The answer to your question depends on whether or not you empasize security over performance and potentially how many records we are talking about. You can create a secure solution that won't scale very well by creating the same symmetric key on both servers by using identical values for key_souce and identity_value for the CREATE SYMMETRIC KEY command. All server side encryption in SQL Server is non-deterministic, meaning that the same value encrypted twice with the same key will result in different encrypted values. Therefore, you won't be able to join the data without decrypting it. If the data is decrpted on each server before it's combined, then you will want to add an SSL Certificate directly to the SQL Server to encrypt at the transport level.
Alternatively, you could put the key on only one server and always perform a remote join on the server with the key after encrypting both tables with it. You would still want an SSL certificate on the instance if you require that the result is returned unencrypted.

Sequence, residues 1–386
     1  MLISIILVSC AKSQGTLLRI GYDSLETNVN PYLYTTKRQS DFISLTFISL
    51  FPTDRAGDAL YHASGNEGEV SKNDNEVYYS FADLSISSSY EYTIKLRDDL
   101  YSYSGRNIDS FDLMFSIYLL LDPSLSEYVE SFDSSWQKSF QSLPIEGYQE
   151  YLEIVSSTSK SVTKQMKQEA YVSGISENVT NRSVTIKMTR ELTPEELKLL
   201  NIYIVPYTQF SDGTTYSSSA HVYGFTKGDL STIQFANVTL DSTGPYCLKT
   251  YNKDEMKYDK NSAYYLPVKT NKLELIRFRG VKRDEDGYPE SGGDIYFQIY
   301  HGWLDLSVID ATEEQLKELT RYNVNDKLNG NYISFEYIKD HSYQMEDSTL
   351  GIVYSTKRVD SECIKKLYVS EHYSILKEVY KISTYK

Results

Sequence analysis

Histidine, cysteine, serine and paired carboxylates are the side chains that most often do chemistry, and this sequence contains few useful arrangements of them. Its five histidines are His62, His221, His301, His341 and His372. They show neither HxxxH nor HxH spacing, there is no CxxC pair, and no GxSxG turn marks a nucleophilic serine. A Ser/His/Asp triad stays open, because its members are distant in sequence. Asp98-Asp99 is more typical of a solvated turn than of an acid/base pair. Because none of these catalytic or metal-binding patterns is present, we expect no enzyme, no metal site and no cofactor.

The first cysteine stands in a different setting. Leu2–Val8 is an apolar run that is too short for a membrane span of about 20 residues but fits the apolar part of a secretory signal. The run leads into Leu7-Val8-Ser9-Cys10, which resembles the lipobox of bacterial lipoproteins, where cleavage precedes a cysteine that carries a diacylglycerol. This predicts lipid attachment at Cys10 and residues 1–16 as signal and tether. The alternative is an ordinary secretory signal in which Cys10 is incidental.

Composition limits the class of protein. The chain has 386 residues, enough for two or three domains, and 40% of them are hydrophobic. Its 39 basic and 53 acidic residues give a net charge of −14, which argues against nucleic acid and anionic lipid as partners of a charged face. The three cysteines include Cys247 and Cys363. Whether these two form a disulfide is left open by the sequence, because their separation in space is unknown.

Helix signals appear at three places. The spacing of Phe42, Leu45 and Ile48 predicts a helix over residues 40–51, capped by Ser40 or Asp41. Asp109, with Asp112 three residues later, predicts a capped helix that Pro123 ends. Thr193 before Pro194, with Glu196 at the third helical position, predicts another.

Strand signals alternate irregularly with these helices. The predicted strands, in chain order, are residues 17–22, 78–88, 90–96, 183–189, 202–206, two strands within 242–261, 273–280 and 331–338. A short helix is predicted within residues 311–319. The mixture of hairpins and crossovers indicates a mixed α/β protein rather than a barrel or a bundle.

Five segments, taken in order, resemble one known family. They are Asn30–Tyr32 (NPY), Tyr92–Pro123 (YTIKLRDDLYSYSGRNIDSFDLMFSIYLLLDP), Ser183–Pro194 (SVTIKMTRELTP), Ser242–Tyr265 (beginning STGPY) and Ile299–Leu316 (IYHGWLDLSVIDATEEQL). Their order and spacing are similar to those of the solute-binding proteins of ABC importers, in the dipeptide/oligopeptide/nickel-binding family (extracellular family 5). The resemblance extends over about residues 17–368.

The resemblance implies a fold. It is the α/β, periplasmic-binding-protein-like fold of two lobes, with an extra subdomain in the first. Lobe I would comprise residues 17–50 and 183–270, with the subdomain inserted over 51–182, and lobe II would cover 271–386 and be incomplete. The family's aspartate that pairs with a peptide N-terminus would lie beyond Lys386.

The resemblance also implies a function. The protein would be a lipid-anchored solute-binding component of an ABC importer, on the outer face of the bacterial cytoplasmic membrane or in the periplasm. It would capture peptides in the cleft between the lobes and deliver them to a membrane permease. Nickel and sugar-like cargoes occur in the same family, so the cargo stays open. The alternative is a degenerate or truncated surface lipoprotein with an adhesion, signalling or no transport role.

Another idea would be to use an Extensible Key Management system, which is a hardware security module that offloads encryption processing and would allow the same key to be used by both systems.
Since server side encryption is non-deterministic, you won't be able to index it. There are two potential solutions to that issue. One is to create a hash on part of the original data and index that to help improve performance and the other would be to use an deterministic method for encryption that is either external or encapsulated in a CLR that is installed on both systems. Be careful with hashes because they are deterministic and can be reproduced easily, so avoid hashing the entire value. If anyone can use the CLR or external encryption who is not authorized, then it's possible that a hash table can be created by running all possible values through the system and then it can be joined back to the original data.
To encrypt in SQL Server, you will also need to use varbinary columns instead of numerics.